CV NEWS FEED // The San Francisco Police Department (SFPD) is recruiting officers on Texas college campuses just three years after the current mayor announced an initiative to “defund the police.”
The San Francisco Standard reported Monday that “for the first time, police officer candidates will be tested outside of California, with a written test, a physical ability test and an oral interview.”
“A department spokesperson said the trips are meant to lower barriers to entry into the police department, speeding up the hiring process,” the Standard continued.
The campuses where the department is scheduled to hold tests are Texas Southern University, Sam Houston State University, Prairie View A&M University, and Texas A&M University.
The Standard stated that the “recruitment push comes as SFPD faces staffing issues, leading the department to pay out millions in overtime annually.”
Between 2017 and 2022, the [SFPD] spent $88.9 million more on its employees—despite its staff working fewer hours, according to employee pay data from the City Controller’s Office. The police department has attributed the reduced hours worked to a staff shortage.
The Daily Wire reported Wednesday on the lack of San Francisco police officers:
According to Supervisor Matt Dorsey, a former police communications staffer, the police department’s full-duty police officers have been reduced by 335 from 2017. The city had 1,537 officers as of January; a police staffing analysis estimated the city needed more than 2,100 officers to work properly.
Following the death of George Floyd three years ago, San Francisco embraced the then-popular “defund the police” movement.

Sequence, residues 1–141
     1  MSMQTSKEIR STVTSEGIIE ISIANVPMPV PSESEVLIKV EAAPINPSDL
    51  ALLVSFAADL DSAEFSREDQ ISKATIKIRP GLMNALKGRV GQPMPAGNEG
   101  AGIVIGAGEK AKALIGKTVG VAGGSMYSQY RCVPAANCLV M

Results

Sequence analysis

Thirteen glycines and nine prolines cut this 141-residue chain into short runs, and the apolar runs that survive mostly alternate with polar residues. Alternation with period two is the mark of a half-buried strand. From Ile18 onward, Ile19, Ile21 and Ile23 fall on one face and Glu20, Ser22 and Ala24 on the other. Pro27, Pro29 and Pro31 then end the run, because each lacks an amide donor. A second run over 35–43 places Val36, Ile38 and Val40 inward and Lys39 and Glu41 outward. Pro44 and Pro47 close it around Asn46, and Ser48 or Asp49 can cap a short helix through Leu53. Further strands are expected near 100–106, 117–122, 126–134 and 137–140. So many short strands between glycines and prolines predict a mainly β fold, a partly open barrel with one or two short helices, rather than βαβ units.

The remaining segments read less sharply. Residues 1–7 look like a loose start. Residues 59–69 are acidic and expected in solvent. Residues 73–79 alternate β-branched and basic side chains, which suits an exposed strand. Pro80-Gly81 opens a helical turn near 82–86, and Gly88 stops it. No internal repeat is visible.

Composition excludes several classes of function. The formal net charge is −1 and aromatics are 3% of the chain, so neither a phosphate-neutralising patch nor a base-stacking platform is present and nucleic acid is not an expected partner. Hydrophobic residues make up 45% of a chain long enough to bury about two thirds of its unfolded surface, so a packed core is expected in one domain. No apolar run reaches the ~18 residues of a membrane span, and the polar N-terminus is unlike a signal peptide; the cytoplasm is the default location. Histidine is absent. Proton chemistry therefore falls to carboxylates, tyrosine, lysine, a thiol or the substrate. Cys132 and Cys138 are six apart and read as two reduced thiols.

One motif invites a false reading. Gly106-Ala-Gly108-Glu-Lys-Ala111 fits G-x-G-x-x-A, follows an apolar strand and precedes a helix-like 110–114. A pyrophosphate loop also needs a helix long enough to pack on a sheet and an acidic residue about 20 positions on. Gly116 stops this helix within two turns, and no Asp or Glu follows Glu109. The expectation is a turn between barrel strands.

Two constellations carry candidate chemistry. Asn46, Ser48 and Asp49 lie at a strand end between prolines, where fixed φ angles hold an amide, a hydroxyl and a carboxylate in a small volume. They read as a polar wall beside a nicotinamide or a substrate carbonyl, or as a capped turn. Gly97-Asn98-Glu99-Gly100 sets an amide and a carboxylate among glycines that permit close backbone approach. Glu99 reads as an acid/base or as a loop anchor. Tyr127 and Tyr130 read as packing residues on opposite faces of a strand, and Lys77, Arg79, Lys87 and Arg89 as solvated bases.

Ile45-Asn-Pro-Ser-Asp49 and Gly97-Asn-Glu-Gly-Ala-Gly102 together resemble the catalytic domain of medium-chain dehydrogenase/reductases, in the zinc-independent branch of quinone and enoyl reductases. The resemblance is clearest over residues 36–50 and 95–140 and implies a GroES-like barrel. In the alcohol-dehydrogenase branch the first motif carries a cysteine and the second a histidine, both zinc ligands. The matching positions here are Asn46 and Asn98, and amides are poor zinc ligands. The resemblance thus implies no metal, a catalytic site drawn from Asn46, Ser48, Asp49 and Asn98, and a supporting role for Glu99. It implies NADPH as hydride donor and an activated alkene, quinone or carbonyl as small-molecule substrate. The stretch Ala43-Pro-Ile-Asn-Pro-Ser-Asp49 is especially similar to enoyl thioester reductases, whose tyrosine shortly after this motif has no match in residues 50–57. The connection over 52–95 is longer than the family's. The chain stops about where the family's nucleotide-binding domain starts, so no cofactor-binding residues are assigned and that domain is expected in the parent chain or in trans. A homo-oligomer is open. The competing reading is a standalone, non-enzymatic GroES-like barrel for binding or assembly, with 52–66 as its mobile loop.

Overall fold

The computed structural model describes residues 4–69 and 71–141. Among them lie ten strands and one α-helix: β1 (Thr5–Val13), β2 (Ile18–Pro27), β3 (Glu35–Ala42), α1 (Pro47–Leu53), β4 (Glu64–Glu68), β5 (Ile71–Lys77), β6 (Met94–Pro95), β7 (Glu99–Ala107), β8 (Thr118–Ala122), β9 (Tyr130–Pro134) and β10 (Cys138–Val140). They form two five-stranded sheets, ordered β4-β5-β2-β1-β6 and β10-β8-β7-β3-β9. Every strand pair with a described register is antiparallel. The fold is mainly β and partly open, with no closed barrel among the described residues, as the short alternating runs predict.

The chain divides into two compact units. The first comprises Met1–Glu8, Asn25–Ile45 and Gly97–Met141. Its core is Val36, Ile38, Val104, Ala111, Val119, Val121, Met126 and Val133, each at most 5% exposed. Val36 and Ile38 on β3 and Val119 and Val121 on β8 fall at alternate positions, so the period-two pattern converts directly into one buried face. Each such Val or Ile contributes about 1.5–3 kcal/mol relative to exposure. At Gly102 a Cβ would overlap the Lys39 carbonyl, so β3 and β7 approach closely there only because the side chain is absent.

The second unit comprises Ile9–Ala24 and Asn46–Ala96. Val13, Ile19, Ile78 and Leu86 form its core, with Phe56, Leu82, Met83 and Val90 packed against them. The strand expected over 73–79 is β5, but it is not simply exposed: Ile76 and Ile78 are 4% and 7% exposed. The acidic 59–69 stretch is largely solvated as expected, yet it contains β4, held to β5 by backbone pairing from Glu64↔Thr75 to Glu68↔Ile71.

Again, from The Daily Wire:
In July 2020, Mayor London Breed announced that $120 million would be cut from the police and sheriff’s departments. “Reforming our criminal justice system must go hand-in-hand with policy changes and budget investments to make our city more equitable,” she said.
“By redirecting funding from law enforcement agencies back into the African American community, we are putting our words into action, and we are doing it by listening to a community that for too long has been unheard and underserved.”
A subsequent soaring in property crime rate forced Breed to reverse course and the police budget was actually increased.
The city’s law enforcement officers have complained that the mayor does not support them.
“We want to be part of the solution, but time and time again, the mayor seems to block the sheriff from doing that,” said Ken Lomba, the president of the San Francisco Deputy Sheriff’s Association.”
“And this is another example,” Lomba added. “She’s cut the funding for those items and it almost seems like silent defunding, you know? For us and we’re trying to help.”